Now that television has taken its place by the radio in a living room corner as a vintage feature of our culture, with little prospect of further originality, it may be possible for a segment of our society to settle back to its reading.

But what shall we read? Are we to emulate the one T. S. Eliot describes—

You will see me any morning in the park

Reading the comics and the sporting page …

An English countess goes upon the stage,

A Greek was murdered at a Polish dance …

Another bank defaulter has confessed.…

No, we protest, we are Christians; we wish to read that which is worthy of our Master and King. But the problem of finding literature that builds soul and mind toward maturity is becoming more complex. Who writes these books? Who publishes them? On what library shelves are they to be found?

Henry Zylstra did the Church a real service by pointing out that a book is hardly good just because it is “safe” for a Christian’s shelves. There is in fact a “good deal of tripe,” as he put it, masquerading as religious fiction and literature. The “religious market” is being dangled before the eyes of many a budding writer as a wide-open (albeit low-paying) field.

But does this situation promise an answer to the soul’s cry for food? Drivel that has been immersed and sprinkled ‘fore and aft’ is still drivel. The times call for authentic evangelical writing dealing honestly with personality motivation, keyed to the mood of biblical realism, and showing cleanly and convincingly the power of God’s Spirit working in the human heart.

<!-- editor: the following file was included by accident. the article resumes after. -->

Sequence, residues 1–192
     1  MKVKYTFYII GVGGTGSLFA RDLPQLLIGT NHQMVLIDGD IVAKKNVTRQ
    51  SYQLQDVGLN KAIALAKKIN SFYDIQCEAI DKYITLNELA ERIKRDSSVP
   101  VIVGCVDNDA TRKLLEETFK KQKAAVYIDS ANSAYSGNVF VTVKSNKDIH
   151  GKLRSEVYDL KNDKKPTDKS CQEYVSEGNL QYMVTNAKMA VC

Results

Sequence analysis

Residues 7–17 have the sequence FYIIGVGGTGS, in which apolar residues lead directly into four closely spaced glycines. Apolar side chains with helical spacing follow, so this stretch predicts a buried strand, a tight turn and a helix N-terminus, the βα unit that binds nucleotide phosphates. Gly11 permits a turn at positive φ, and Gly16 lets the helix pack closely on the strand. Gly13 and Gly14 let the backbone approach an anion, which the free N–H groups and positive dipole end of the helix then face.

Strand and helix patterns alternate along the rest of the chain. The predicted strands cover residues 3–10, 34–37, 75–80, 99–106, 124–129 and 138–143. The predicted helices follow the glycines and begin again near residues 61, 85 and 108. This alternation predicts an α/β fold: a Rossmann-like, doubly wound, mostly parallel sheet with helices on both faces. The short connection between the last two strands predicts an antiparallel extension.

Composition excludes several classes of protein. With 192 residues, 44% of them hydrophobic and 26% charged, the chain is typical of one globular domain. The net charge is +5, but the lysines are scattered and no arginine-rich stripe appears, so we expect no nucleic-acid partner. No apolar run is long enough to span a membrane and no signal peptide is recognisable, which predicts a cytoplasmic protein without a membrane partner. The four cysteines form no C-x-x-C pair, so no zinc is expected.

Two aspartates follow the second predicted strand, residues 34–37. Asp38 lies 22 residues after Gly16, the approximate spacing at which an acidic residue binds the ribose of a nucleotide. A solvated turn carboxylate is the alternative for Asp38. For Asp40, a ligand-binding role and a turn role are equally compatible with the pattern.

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Let us call a halt to the starchy Sunday school hero types who priggishly walk through the pages of a book without ever being tossed into the flux of life; who, like St. George (but not like the rest of us) are always at least a spear’s length away from the dragon. At the same time let us eschew the new secular or “beat” hero who is nothing but a confused psychopath, unable to transmit any message from his brain save to his fists, and unwilling to make any moral distinctions beyond the need for survival.

Somewhere, surely, a line can be drawn between Pharisaic purism and brass-rail megalomania; between the stuffed-shirt apostle of virtue (whose counterpart is the working-class hero, mode sovietique) and the moral leper.

Good books are wanted; they are needed; and they are needed especially in our churches. Biographies of great Christians should be circulated among our Sunday schools continually. Men such as Hudson Taylor, John G. Paton, David Brainerd, Henry Martyn, David Livingstone, Jim Elliot; women such as Florence Nightingale, Mary Slessor, and Betty Stam—these should be inspiring and re-inspiring each new generation.

The officers of the local church should consider their library as important a facility to their total task as do the trustees of a college. They should think of their library as a ministry.